The life of Irish politician Charles Stewart Parnell, following from 1880 onward his struggle to secure Home Rule, pursued in prison, Parliament, and elsewhere. Emphasis is on the ...
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Barry Sulivan is a cynical gangster who controls the Neptune Beach waterfront. He runs a numbers racket with the local soda shop owner: the police are in his pocket and the local hoods are on his payroll.
Mimi has tried everything to become the bride to Alan, but he chooses Elizabeth instead. The ironic part is that Mimi's mother writes romance novels and neither one has had any luck with ... See full summary »
The life of Irish politician Charles Stewart Parnell, following from 1880 onward his struggle to secure Home Rule, pursued in prison, Parliament, and elsewhere. Emphasis is on the relationship with married Katie O'Shea which threatens to bring all Parnell's plans to ruin. Moderately accurate historically.Written by
Rod Crawford <email@example.com>
This film received its initial television broadcast in Los Angeles Thursday 9 May 1957 on KTTV (Channel 11), followed by Portland OR 20 July 1957 on KGW (Channel 8), by Chicago 10 August 1957 on WBBM (Channel 2), by Philadelphia 13 August 1957 on WFIL (Channel 6), by Memphis 18 August 1957 on WHBQ (Channel 13), by New Haven CT 27 August 1957 on WNHC (Channel 8), by Altoona PA 13 September 1957 on WFBG (Channel 10) and by New York City 6 November 1957 on WCBS (Channel 2); in San Francisco it was first telecast 1 June 1958 on KGO (Channel 7), and in Minneapolis 12 November 1959 on WTCN (Channel 11). See more »
[Parnell tries to convince Mrs. O'Shea of his love]
Charles Stewart Parnell:
Have you never felt there might be someone, somewhere who, if you could meet them, was the person that you'd been always meant to meet? Have you never felt that?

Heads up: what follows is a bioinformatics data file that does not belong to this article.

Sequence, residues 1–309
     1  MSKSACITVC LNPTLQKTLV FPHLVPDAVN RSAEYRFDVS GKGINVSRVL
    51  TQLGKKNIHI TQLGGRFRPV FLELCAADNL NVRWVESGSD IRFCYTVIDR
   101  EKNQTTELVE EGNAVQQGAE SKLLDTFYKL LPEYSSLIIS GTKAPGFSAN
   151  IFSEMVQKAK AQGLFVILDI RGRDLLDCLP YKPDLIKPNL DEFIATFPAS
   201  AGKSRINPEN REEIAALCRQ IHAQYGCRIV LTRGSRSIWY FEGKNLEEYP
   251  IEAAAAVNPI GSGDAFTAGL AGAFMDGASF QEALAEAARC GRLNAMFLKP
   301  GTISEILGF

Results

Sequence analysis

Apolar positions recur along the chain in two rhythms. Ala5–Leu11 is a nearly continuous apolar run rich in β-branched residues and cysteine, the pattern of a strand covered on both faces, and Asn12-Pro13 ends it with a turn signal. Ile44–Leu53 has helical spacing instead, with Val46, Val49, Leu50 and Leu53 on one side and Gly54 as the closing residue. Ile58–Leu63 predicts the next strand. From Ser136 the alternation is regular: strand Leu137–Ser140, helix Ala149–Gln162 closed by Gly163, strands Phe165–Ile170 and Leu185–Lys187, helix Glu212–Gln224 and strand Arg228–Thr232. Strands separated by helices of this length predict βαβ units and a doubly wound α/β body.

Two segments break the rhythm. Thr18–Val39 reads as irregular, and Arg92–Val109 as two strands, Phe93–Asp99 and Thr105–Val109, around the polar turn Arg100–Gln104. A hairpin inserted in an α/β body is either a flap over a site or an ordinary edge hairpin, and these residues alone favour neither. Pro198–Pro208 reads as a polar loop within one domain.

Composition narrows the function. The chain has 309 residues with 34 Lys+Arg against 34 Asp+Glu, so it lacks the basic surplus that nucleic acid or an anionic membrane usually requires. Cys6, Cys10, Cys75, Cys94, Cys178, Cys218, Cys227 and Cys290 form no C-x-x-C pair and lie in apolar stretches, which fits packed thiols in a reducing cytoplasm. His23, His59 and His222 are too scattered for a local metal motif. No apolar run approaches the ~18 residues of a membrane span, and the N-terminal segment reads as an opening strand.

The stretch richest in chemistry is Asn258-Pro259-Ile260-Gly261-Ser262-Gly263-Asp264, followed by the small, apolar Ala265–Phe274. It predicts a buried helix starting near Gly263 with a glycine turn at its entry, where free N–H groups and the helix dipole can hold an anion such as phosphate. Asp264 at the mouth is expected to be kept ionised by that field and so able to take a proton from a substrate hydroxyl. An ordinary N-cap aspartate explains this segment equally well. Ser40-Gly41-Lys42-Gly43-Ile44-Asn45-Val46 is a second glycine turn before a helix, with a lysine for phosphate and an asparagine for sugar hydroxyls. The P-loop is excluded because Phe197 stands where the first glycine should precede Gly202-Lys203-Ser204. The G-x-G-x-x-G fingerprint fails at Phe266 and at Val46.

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The character of Parnell has interested me ever since I read James Joyce's Ulysses. I caught this movie by accident when channel surfing and landed on TCM, the source of many old movie nuggets. "Parnell" brings us some first rate actors, from Clark Gable to Myrna Loy, Edmund Gwyn and Donald Crisp. The viewer sees the main outline of the controversy involving Charles Parnell and Kitty O'Shea and its impact on the Irish Free State bill. The movie is dressed up in melodrama with violin music to the strains of Irish ballads. This cloying treatment, not unusual in Hollywood, does not detract from the story of a great man and the overlooked merits of this film. Parnell brought the Irish factions together to achieve a significant breakthrough in his time and might have saved many troubles. Parnell was the stuff of greatness and his story has been enshrined in history and literature. We know that the struggle for Ireland continued beyond his life; still, his story reverberates. This movie gives a sense of the tragedy but the poor sound and grainy film are a bit of an irritation. Also, the choice of Clark Gable, Hollywood's rugged icon of the 1930's, for the role of Parnell, falls flat. This is unfortunate because the movie is far from a disaster. Nevertheless, I would like to see a film with a more complete story, with more character development and background. It would tell the epic tale of Parnell's achievements and the forces that shaped Ireland in the late nineteenth century. The British movie industry does those period movies very well. This movie gives us a taste of that history.
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